A "vesting period" is a period of time an investor or other person holding a right to something must wait until they are capable of fully exercising their rights and until those rights may not be taken away.
In many cases vesting does not occur all at once. Specific portions of the rights grant vest on different dates over the duration of the period of the vesting. When part of a right is vested and part remains unvested, it is considered "partly vested".
In cases of partial vesting, a "vesting schedule" is a table or chart showing the portion of a right that is vested over time; typically the schedule provides for equal portions to vest on periodic vesting dates, usually once per day, month, quarter, or year, in stairstep fashion over the course of the vesting period. Often there is a cliff by which the first few steps in the graph are missing, so that there is no vesting at all for a period (usually six or twelve months in the case of employee equity), after which there is a cliff date upon which a large amount of vesting occurs all at once.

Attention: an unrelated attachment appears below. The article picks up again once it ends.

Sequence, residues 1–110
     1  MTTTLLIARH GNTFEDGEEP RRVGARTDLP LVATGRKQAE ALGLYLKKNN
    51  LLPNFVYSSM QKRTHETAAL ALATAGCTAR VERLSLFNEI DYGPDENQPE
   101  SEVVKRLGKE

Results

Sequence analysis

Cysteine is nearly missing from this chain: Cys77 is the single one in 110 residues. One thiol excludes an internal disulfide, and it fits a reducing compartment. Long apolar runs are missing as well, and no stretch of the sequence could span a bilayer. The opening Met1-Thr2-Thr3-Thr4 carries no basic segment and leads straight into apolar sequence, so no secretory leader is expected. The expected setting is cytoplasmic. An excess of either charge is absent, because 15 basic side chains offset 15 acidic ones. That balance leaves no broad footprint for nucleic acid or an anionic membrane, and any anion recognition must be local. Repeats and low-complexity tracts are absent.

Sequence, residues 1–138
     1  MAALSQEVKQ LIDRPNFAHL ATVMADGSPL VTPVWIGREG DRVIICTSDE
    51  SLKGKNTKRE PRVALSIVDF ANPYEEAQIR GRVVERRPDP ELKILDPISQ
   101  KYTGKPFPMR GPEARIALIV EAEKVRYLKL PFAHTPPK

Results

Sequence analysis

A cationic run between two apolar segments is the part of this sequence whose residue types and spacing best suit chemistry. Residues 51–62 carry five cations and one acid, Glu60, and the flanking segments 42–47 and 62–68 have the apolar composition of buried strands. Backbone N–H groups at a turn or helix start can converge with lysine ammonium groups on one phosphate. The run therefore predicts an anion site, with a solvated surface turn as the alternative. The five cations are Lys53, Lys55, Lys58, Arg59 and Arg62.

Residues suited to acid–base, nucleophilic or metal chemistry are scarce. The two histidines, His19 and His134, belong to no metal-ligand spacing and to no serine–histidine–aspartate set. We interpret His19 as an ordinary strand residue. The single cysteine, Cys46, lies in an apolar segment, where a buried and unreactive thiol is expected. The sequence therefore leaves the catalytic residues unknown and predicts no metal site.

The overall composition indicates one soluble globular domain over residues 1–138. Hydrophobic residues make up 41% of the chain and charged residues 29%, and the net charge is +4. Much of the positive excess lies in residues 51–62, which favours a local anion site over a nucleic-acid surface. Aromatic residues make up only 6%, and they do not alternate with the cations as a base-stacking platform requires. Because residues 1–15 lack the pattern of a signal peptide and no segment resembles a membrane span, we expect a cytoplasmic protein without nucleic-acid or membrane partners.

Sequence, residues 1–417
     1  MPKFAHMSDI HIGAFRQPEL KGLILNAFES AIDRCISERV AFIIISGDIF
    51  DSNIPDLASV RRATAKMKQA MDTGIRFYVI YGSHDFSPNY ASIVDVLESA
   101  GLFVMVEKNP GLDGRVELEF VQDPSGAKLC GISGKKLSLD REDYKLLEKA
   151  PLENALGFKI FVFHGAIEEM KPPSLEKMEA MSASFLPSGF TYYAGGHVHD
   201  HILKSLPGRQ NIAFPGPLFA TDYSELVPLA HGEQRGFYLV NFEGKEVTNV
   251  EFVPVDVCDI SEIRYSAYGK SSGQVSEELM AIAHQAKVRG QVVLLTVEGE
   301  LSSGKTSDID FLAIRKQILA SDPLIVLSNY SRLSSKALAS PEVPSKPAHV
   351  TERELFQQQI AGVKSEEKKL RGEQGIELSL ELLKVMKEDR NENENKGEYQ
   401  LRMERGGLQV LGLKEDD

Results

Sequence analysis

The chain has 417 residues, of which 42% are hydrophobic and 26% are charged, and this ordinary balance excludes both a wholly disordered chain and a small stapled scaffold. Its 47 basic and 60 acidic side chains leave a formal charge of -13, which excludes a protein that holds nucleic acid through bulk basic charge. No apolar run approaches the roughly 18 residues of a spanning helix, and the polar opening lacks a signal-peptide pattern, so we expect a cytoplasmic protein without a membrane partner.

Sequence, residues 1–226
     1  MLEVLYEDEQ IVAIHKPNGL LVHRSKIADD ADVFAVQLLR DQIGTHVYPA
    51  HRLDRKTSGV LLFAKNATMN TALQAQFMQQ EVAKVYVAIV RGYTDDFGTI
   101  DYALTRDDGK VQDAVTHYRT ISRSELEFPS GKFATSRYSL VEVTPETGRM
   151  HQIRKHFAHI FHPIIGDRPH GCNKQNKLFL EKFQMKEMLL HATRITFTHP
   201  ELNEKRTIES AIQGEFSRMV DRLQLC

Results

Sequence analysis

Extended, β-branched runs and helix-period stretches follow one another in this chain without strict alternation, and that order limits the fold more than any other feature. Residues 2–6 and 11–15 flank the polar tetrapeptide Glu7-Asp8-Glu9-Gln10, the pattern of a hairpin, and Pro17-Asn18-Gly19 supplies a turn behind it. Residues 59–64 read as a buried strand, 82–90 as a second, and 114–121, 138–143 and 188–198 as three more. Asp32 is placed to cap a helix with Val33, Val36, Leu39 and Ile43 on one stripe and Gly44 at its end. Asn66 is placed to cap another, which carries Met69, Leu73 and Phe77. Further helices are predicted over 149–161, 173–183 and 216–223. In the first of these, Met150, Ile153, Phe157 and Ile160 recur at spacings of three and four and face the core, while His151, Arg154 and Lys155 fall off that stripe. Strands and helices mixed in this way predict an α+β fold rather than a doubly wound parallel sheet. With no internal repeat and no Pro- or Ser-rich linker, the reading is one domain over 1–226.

Some arrangements provide for "accelerated vesting", by which all or a major portion of the unvested right vests all at once upon the occurrence of a specified event such as a termination of employment by the company or acquisition of the company by another. Less commonly, the vesting schedule may call for variable grants or subject to conditions such as reaching milestones or employee performance. "Graded vesting" (vesting after each year until the employee is fully vested) may be "uniform" (e.g., 20% of the compensation vested each year for five years) or "non-uniform" (e.g., 20%, 30%, and 50% of the compensation vested each year for the next three years).